Ah, the dawn of a new year. Always slightly troubling, isn’t it? Whilst we’re all suffering from Christmas hat syndrome (“is there still one on my head? I genuinely can’t tell anymore”), we’re simultaneously shock-stricken that summer wasn’t yesterday… and when did Halloween happen? Did I even have a birthday? Seriously, where did all my memories go?
Perhaps Exeposé News can assist you the recuperation process via our handy 2015 recap. Sabbs, Uni scrutiny, student life, Syria protests and scandals a-plenty all await…
Students may have had a merry Christmas, but a not-so-happy new year awaited, as January brought news that they would be hit with record rent rises the following year.
According to the front-page report, some private properties had increased their prices by as much as £26 per week. Back on campus, it was revealed that the 2015/16 cohort would have to spend almost £7,000 for a 32-week letting period in the most expensive rooms – tough news to swallow following a Huffington Post report published the previous year ranking Exeter as the third most expensive university in the UK in which to live and study.
Meanwhile, a controversial Student Idea that would have changed campus procrastination forever was issued: banning Facebook in the Forum Library. Procrastination won over productivity, however, as the Idea was defeated.
In February, we learned that University staff had claimed £3 million in expenses, with the top 10 earners having claimed up to £12,000 each.
The Freedom of Information request behind the findings also showed that the University had forked out £10,000 on first class rail tickets for the 10 highest paid members of staff. Despite their six-figure salary, however, Exeposé revealed that one person earning £142,800 per year had made a subsistence claim for just 87 pence.
Later in the month, it transpired that perhaps Exe doesn’t bleed as green as originally thought, as the University dropped 23 places in the ‘Green League’.
Finally, a record-breaking Sabbatical election saw Laura-Jane Tiley crowned Guild President, alongside an all-female team. Meanwhile, Jack Bristow was named AU President, beating the competition in the tightest category of the elections.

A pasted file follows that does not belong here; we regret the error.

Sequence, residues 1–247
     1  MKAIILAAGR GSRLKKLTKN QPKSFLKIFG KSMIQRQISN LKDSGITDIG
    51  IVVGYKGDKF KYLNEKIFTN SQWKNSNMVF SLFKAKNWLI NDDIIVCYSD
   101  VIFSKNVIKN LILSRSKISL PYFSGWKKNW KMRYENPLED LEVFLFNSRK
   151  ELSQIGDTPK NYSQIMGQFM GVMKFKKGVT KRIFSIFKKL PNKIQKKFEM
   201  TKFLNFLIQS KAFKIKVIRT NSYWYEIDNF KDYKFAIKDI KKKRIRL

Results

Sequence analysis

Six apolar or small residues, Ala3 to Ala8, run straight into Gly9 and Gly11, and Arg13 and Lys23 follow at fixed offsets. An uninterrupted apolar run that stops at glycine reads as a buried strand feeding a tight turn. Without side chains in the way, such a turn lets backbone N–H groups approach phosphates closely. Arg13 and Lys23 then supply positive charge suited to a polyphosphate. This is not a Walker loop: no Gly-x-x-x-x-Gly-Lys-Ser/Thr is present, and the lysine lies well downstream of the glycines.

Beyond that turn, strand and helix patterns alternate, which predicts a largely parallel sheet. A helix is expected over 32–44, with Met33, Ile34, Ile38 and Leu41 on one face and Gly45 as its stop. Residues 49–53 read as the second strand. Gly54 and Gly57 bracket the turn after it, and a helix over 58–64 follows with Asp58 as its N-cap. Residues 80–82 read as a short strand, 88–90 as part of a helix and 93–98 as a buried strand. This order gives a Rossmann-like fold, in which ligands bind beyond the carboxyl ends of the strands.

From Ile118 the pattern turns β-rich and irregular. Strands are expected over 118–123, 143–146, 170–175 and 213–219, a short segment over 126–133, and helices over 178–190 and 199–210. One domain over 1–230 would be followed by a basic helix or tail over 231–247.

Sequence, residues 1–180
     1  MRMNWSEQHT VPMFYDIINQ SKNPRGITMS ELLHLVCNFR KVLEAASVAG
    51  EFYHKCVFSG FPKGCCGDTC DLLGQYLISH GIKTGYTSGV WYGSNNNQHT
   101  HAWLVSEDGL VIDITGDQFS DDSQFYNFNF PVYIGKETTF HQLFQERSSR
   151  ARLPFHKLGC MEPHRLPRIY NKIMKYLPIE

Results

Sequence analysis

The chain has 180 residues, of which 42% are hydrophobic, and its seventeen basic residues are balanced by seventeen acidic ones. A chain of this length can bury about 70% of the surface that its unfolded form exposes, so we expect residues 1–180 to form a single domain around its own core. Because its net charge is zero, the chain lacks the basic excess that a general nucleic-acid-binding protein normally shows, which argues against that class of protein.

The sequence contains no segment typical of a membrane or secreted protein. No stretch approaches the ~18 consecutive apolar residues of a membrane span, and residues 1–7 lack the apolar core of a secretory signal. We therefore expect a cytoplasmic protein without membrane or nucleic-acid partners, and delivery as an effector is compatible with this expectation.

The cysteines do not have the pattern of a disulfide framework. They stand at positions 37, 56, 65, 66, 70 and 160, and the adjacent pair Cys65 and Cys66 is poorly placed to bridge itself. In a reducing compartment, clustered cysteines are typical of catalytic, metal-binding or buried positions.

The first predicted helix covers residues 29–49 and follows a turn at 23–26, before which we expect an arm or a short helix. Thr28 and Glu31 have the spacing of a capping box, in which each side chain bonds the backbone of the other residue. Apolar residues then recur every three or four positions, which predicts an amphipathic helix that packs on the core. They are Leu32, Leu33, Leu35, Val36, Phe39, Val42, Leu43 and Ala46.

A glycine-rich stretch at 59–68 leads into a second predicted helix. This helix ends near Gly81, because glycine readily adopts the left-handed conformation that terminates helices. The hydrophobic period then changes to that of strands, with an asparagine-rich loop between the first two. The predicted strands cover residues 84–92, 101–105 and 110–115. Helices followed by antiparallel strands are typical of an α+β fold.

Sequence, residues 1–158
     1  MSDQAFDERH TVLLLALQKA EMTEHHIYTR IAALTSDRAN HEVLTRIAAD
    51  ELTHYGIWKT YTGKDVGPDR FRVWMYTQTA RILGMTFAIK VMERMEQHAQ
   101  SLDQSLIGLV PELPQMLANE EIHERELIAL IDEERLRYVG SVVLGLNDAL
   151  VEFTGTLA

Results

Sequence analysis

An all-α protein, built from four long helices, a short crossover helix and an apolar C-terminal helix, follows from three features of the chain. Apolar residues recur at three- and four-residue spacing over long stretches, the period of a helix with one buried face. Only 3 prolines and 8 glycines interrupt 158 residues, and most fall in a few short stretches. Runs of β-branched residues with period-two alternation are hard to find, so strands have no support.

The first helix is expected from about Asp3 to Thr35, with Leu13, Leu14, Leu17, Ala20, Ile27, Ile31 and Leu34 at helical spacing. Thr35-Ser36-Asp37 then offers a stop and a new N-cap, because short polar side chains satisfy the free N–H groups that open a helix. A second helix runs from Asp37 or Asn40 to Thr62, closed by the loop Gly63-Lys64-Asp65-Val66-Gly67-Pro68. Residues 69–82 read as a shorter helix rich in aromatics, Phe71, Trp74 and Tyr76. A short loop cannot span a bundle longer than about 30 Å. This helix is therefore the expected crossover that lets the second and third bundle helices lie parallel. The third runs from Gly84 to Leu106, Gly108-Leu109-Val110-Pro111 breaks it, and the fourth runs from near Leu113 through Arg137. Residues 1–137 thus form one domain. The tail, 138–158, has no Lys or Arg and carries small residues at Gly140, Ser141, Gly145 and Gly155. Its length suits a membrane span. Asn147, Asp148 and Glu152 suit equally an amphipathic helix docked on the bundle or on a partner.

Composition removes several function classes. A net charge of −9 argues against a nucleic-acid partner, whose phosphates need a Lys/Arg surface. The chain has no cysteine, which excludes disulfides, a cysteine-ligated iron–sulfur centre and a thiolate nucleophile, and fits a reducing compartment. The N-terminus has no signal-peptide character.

It wasn’t the first time the sport society’s conduct had been called into question that academic year, as the team had already been sanctioned following revelations of an initiation-style ceremony the previous year. The event, which broke the AU code of conduct, saw freshers forced to drink alcohol and to kiss a dead eel.
Oh, and, er, a man broke into Queen’s Building and covered himself in ink…
Amid the national Tampon Tax controversy, April brought victory for student feminists on campus, with both Guild and University retail outlets agreed to cover the the cost of the five per cent VAT on female sanitary products.
As the #Milifandom came to the fore with election fever running high, one Exeter student came to regret jokily starting the jokey #Cameronettes trend after receiving “appalling” hate mail. Currently run by a group of A-Level Politics students, there is now a Twitter account with over 1,000 followers inspired by the trend, which is blocked by Diane Abbott, George Galloway, Owen Jones and founder of the #Milifandom, Abby Tomlinson.
To round off the rather varied month, Exeter was proudly ranked top of the UK for international student experience in the WhatUni Student Choice Awards, beating off competition from Edinburgh, Oxford, Cambridge and St Andrews.
In May, the shocking revelation came to light that Exeter bleeds… blue.
Following a University-wide poll, Exeposé discovered that 30.2 per cent of students would vote Conservative in the May elections. Among students, Green party support was found to be more than four times higher than in the national polls.
The investigation also showed links between student voters’ subjects and their voting intentions, with the Business School’s support for Conservatives the highest across campus at 49.5 per cent.
Meanwhile, Chief Operating Officer Geoff Pringle stepped down after six years in the role, and a commendable 35-year career.
The man behind the construction of the the Forum, Exeter’s £48 million student services development, Pringle ranked 43rd in the prestigious Out at Work list for being among the most influential LGBT executive role models.
With one in 18 young people in and around Exeter facing homelessness during their youth, Exeposé was proud to lend its support to the University of Exeter’s YMCA society’s #Selfieless campaign to promote awareness of homelessness in the city.
The initiative saw students upload self portrait photos with their faces concealed onto social media, in an effort to raise £5,000 in order to fund nine months of accommodation for one young person.
Ending the month with a literal bang, Exeter was shaken by a bomb scare after two suspicious packages were found on York Road and King William Street.
Following the establishment of a 200-metre cordon around the area and the controlled detonation of the suitcases by the Royal Navy Bomb Disposal team, police found the man responsible.
Described as a “local hoarder”, the man who had left the suitcases filled with wires on local streets was said to have “no malicious intent”.